Securing the Federal Government: Challenges and Opportunities

Kathy StershicLast week’s Security Through Innovation Summit, presented by FedScoop, offered interesting perspectives on cybersecurity through a federal government lens. While there were new insights well worth learning, it seemed there was also a bit of an uncomfortable resignation in much of the audience: cyber threats have unfortunately become commonplace.

The ever-insightful Chris Young, CEO of McAfee, framed the current environment as having gone from theft-centric attacks to disruption-centric attacks (think Election 2016). The consequence is that fencing data in is no longer adequate when manipulating data is a real threat. Several other themes carried through comments from the broad slate of speakers:

Modernization of government IT continues to be a top priority. While there has been varying progress by agency, there is still a long way to go and many differing opinions about what modernization actually means. There is also a heavy focus on cloud adoption, and the mantra of Shared Services continues.

Of course modernizing and sharing technology introduces new levels of risk. In fact, several speakers discussed risk prioritization rather than just defense or compliance. Jeannette Manfra, Assistant Secretary, Office of Cybersecurity and Communication at the Department of Homeland Security (DHS), specifically stated that their job “is not to protect every computer in the country; it’s to figure out where the highest risk is and focus resources there.” To that end, DHS has designated National Critical Functions – like a stable financial system, clean water, safe energy and reliable communications infrastructure – to analyze how to best secure the ecosystems for each function.

Better automation is needed. McAfee Chief Technology Officer Steve Grobman explained the need for applying big data analytics and artificial intelligence (AI) to mine the plethora of available data. Automating identification and remediation of smaller risks will offload time-consuming human intervention better allocated to in-depth analysis of bigger risks. Grobman noted that adversaries are very focused on how to use AI in enhancing attacks; they understand its power for defenders and use that to get better at evading defense and improving offense.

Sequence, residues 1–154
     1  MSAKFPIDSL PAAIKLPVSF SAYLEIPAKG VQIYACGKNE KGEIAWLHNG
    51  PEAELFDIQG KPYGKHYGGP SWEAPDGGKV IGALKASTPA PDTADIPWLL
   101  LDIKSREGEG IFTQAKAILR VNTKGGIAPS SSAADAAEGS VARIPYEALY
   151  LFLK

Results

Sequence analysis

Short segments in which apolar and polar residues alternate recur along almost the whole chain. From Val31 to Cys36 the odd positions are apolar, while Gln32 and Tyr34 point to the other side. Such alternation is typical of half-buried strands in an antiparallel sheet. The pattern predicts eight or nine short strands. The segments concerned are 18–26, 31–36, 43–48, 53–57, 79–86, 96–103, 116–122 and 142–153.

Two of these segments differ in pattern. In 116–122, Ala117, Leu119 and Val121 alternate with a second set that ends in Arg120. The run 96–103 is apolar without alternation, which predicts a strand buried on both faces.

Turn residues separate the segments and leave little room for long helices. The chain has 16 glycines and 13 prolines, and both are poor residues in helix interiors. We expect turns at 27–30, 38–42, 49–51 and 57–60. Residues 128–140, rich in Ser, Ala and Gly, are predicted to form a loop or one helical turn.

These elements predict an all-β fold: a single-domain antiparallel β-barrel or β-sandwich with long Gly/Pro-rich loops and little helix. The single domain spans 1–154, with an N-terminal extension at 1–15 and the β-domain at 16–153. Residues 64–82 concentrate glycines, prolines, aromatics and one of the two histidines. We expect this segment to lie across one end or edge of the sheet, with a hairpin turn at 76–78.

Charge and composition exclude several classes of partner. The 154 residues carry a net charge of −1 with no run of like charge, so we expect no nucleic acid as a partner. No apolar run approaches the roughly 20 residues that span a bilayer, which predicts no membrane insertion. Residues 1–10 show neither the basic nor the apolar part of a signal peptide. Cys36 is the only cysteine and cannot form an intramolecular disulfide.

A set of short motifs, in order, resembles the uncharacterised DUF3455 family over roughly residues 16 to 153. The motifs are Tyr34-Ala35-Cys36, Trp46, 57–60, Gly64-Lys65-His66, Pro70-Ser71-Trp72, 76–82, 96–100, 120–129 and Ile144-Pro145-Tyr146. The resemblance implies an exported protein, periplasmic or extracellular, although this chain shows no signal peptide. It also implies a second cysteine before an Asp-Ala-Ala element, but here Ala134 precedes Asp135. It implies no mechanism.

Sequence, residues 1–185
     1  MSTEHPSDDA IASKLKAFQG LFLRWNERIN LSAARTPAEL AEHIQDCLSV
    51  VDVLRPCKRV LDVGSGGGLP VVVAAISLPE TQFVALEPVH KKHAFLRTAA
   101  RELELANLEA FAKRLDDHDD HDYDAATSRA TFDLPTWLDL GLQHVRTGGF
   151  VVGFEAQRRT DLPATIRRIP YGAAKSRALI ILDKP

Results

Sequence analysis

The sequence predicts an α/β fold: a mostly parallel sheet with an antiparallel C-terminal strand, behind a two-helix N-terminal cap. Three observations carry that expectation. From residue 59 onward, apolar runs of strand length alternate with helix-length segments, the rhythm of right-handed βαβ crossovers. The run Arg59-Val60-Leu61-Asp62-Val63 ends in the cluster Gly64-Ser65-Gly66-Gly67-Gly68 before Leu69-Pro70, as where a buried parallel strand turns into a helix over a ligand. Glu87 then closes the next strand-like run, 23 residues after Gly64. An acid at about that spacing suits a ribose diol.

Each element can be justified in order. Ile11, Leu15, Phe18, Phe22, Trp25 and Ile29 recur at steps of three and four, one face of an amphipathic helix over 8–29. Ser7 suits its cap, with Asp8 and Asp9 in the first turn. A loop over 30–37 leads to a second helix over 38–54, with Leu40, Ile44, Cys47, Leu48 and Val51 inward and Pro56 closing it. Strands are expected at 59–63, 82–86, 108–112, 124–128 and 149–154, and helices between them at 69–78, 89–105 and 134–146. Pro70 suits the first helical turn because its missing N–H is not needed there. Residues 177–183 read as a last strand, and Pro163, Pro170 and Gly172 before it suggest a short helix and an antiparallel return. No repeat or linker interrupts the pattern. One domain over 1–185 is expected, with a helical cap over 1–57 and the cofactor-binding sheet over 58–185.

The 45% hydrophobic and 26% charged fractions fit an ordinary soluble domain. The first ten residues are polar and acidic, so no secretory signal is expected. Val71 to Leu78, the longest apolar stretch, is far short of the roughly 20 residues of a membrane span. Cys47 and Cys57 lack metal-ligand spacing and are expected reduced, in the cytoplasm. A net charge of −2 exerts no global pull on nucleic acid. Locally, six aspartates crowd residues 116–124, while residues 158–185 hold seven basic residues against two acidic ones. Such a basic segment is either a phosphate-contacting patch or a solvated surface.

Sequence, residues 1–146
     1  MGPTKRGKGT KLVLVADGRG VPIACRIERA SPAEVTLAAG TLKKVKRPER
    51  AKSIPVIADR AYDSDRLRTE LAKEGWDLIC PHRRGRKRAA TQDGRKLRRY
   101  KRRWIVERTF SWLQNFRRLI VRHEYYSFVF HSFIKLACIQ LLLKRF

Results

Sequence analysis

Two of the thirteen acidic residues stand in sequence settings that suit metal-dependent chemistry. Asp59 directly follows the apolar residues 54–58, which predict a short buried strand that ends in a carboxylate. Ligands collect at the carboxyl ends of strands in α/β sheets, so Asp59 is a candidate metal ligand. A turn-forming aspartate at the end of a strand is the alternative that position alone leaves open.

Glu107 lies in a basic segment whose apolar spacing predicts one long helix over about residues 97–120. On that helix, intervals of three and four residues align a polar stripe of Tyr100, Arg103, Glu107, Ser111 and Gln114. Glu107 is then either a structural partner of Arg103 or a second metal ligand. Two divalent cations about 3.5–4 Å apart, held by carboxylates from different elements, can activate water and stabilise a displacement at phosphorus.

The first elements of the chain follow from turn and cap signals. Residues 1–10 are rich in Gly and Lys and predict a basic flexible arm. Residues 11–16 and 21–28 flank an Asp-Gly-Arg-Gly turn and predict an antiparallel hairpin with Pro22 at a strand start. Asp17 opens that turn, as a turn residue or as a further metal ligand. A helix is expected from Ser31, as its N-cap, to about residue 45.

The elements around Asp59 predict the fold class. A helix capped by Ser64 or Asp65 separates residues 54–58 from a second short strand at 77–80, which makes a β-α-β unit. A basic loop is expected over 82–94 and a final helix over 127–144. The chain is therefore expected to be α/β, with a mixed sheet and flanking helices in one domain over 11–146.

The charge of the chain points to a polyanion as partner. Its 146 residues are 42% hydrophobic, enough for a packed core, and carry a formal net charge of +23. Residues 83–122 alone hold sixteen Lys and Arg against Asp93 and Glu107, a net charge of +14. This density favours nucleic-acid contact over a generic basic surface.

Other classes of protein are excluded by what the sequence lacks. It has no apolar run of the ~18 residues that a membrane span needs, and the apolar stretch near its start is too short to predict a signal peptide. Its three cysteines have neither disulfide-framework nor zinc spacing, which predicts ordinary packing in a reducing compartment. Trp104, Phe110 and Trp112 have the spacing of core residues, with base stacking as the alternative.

That idea was reinforced by McAfee Chief Scientist Raj Samani, who explained that cyber criminals continually study industry blogs to see what vulnerabilities have been identified, and work quickly to rectify errors in their own code to continue the exploit. He cited one instance where this happened as quickly as 48 hours. According to Samani, that level of sophistication is a strong indicator of a nation-state attack; and those seem to be increasing.

Threat intelligence has to be shared – within stove-piped agencies, across agencies and public-to-private sector. DHS’ Automated Indicator Sharing has shown some success in the last two years, but government speakers, particularly from the FBI, noted the need for much better sharing and greater trust among commercial entities who aren’t constrained by Constitutional limits as the FBI is – essentially an appeal that common knowledge will help everyone. This will undoubtedly continue to be a struggle given current public sentiment and increasing privacy concerns. Howard Marshall, Deputy Assistant Director for the FBI’s Cyber Division, gave friendly and earnest remarks about the Agency’s Readiness, Outreach and Intelligence mission, emphasizing Outreach through many FBI-sponsored programs to engage private industry and citizens in information-sharing. Just one example: private sector CISOs can attend a CISO Academy at Quantico, where they can learn FBI defensive tactics and even participate in morning exercise runs with agent trainees. Sign me up!

Other stand-out topics from the day included the critical need for more women in cyber, and strengthening the cyber workforce in general. Ideas such as engaging Veterans, students, retirees or the unemployed to help fill the labor gap – estimated to reach a shortage of over 1.8 million workers worldwide within two years  – were discussed, as the government could play a big role in developing this untapped talent. Communication was another concern; there are big needs for dialog in a commonly understood taxonomy and a willingness to come to the table and talk in the first place. Matt Conner, CISO of the National Geospatial-Intelligence Agency, remarked that “industry conversations are generally more productive than those with other agencies” – a condition that clearly needs to change.

In fact, Wanda Jones-Heath, Deputy CISO of the U.S. Air Force, noted that the cyber team is frequently seen as the “Office of No” by others in the branch, necessitating more proactive conversations with a breadth of Branch stakeholders. That leads me to conclude that the government has a long way to go in cultivating a cybersecurity culture and mindset. In fairness, the same is true for many in the private sector and citizenry.

By now we all know that unfortunately cyberattacks aren’t going to stop. Howard Marshall flatly stated that we’ve not yet had our Cyber 9/11. It’s coming. A sage piece of advice from Trent Teyema, Chief of the FBI’s Cyber Readiness division is to “focus left of the event” and continually prepare for the next attack.